Heat waves in the UK: impacts and public health responses

Lead Research Organisation: London School of Hygiene & Tropical Medicine
Department Name: Public Health and Policy


In August 2003, a severe heat wave resulted in the deaths of more than 14,000 people in France and of many more in neighbouring countries. The UK was fortunate in suffering less oppressive and less unrelenting temperatures, but there were still around 2,000 deaths. Because of global warming, the chance of experiencing a similar heat wave in Britain is increasing, and the lesson from France is that our public health systems may not have been well-prepared to respond to such a threat.
Prompted by the experience of France, the Department of Health launched a heat wave plan for England in 2004. Its provisions include public health warnings and targeted advice and actions to protect those at greatest risk. The study we propose is aimed at providing evidence to help improve how this heat wave plan can be most effective.
Our analyses will quantify the level of heat-related risk for different sections of the population, and so determine the degree to which vulnerability to heat waves is concentrated in high-risk groups that may be targeted by specific protection measures. We will also estimate the risk of dangerous heat waves occurring now and in future years, and assess how we can best detect evolving heat wave threats at an early stage.
A number of (mainly elderly) people and their carers will be interviewed to understand what knowledge they have about the risks and responses to heat waves. We will also assess the operation of the current heat wave plan through semi-structured interviews with key stakeholders, including health and social care professionals, community voluntary workers, and residential home managers. Its cost-effectiveness will be assessed using evidence about the change in the number of heat-deaths occurring during heat waves since the plan was implemented.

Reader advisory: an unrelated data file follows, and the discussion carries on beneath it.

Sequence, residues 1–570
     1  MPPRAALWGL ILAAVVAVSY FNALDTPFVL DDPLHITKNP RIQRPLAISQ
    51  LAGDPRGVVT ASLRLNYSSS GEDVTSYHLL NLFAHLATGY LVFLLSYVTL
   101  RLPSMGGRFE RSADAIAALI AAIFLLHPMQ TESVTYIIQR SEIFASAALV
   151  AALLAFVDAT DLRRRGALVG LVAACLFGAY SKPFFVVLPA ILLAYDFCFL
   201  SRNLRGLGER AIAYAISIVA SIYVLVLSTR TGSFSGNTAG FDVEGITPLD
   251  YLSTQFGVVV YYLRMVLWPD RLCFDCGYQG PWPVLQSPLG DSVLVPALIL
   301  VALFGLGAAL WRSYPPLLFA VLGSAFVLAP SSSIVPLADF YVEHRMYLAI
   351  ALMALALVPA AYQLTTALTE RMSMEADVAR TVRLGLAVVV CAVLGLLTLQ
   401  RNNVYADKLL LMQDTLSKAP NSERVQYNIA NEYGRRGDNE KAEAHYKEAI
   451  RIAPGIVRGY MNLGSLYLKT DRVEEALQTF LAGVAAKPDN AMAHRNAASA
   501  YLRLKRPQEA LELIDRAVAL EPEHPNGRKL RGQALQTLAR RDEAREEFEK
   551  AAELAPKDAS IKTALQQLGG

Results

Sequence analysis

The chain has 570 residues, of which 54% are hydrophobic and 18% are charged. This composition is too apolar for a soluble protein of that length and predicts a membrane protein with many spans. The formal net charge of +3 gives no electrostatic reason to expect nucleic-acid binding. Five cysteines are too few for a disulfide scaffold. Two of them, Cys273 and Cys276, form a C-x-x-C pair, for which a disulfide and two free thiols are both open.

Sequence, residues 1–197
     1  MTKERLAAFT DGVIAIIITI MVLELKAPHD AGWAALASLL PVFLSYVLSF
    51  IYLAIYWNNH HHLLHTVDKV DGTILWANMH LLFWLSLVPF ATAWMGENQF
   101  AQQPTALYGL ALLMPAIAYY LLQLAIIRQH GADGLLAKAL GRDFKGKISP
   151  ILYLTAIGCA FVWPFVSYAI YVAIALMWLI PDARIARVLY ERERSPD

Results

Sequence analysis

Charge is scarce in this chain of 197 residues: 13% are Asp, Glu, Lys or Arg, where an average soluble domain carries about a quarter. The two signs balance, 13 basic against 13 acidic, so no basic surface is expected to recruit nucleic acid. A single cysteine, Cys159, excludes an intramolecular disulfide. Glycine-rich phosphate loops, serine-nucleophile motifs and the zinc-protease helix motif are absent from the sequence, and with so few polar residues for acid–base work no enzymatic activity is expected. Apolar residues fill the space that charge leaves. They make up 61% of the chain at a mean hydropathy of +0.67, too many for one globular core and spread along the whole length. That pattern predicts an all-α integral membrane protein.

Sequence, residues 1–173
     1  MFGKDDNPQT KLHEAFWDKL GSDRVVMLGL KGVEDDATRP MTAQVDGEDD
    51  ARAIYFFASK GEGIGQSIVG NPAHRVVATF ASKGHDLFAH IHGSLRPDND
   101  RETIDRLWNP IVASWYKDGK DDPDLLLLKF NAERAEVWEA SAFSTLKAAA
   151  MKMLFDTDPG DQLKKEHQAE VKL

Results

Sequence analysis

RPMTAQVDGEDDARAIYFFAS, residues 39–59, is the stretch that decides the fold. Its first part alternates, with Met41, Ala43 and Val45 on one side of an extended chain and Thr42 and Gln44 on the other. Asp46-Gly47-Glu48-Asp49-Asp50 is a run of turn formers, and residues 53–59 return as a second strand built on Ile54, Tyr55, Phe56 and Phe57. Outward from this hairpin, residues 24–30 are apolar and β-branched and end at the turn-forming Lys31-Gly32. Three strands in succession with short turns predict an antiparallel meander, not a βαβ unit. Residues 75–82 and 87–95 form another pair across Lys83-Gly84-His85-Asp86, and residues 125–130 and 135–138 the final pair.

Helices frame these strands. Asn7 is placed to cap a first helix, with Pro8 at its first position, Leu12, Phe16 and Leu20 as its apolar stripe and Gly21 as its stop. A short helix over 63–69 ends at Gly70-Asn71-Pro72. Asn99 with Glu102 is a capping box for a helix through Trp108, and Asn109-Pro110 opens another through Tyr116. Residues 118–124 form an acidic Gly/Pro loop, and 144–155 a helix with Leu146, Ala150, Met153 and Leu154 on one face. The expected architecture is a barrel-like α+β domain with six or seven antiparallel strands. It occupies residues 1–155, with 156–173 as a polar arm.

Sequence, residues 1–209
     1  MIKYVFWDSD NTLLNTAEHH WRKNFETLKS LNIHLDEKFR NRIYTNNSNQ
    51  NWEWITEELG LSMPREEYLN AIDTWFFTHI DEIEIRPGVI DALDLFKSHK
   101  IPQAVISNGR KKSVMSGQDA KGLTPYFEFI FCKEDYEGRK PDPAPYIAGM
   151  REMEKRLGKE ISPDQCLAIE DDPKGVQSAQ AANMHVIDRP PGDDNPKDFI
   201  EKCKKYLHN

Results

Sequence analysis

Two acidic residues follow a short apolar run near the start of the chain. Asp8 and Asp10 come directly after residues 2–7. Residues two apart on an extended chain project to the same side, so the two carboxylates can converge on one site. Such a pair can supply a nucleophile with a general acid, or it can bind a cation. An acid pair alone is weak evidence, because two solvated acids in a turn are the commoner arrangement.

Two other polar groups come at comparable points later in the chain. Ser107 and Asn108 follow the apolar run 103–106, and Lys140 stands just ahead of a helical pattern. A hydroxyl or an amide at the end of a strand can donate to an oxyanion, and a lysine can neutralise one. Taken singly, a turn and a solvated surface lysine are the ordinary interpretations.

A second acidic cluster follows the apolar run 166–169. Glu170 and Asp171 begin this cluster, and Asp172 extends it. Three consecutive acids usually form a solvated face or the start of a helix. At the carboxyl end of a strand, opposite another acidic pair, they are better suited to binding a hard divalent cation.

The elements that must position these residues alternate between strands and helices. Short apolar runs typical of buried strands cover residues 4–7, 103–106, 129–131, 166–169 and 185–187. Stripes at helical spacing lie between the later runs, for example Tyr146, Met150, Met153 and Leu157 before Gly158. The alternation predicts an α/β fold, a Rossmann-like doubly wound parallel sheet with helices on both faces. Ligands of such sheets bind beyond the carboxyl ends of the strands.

The results of the research will be discussed with policy makers and key public health professionals involved in heat wave planning to draw conclusions about how the needed responses of the health, social and other services can be improved.
The results will be made available to the public through non-technical web reports and participation of research team members in policy-focused meetings.

Technical Summary

This study is aimed at informing the development of public health responses to heat waves in the UK and in particular the further development of the heat wave plan for England. It will assess the form of heat wave interventions that are most likely to reduce public health impacts in the light of evidence about the distribution of population vulnerability and the cost-effectiveness of interventions.

It will entail the epidemiological analysis of heat-related health impacts and their effect modifiers; the qualitative assessment of heat-related behaviours of vulnerable members of the public; and an evaluation, including through cost-effectiveness analysis, of the current heat wave plan for England.

The principal objectives are: (1) To quantify for England the regional mortality risks associated with periods of high outdoor temperature and, through assessment of the modifiers of such risk, to characterize the degree to which vulnerability to heat episodes is concentrated in high risk groups that may be targeted by specific interventions; (2) To use results from (1) in combination with regional climate models to estimate the frequency of future heat wave events of given mortality impact; (3) To evaluate the use of real time health/health service data in the early detection and response to heat episodes; (4) To compare, using semi-structured interviews, the knowledge and attitudes of high-risk groups and their carers to the health impacts of heat waves and the factors likely to impede or promote protective responses to them; (5) To evaluate the current heat wave plan for England through analysis of quantitative outcome data, document analysis, and semi-structured interviews with key stakeholders in the heat plan cascade, including health and social care professionals, community voluntary workers, and residential home managers; (6) To estimate the impact of the heat wave plan for England in its first four years of implementation through the standardized comparison of the heat-related mortality in 2004-07 with that in pre-implementation years; (7) To estimate the cost-effectiveness of specific heat wave interventions using sensitivity analyses that vary assumptions about targeting and intervention efficacy.

The results will be discussed with policy makers and key public health professionals to draw conclusions from the research about the design of the heat wave action plan, including thresholds for alerts, methods of targeting high risk groups, preparedness/capacity planning, methods of communication, and the need for variation of the plans by social group.


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